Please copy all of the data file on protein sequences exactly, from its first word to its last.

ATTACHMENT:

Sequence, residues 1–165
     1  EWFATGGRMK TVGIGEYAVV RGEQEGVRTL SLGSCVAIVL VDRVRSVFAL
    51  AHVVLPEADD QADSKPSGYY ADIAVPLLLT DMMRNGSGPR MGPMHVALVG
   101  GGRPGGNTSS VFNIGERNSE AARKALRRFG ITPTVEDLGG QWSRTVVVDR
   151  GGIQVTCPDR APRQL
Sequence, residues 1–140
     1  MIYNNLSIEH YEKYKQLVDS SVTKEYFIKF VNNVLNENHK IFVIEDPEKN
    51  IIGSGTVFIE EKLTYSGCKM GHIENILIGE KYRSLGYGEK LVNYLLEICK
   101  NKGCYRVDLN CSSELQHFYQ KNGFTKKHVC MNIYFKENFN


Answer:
Sequence, residues 1–165
     1  EWFATGGRMK TVGIGEYAVV RGEQEGVRTL SLGSCVAIVL VDRVRSVFAL
    51  AHVVLPEADD QADSKPSGYY ADIAVPLLLT DMMRNGSGPR MGPMHVALVG
   101  GGRPGGNTSS VFNIGERNSE AARKALRRFG ITPTVEDLGG QWSRTVVVDR
   151  GGIQVTCPDR APRQL
Sequence, residues 1–140
     1  MIYNNLSIEH YEKYKQLVDS SVTKEYFIKF VNNVLNENHK IFVIEDPEKN
    51  IIGSGTVFIE EKLTYSGCKM GHIENILIGE KYRSLGYGEK LVNYLLEICK
   101  NKGCYRVDLN CSSELQHFYQ KNGFTKKHVC MNIYFKENFN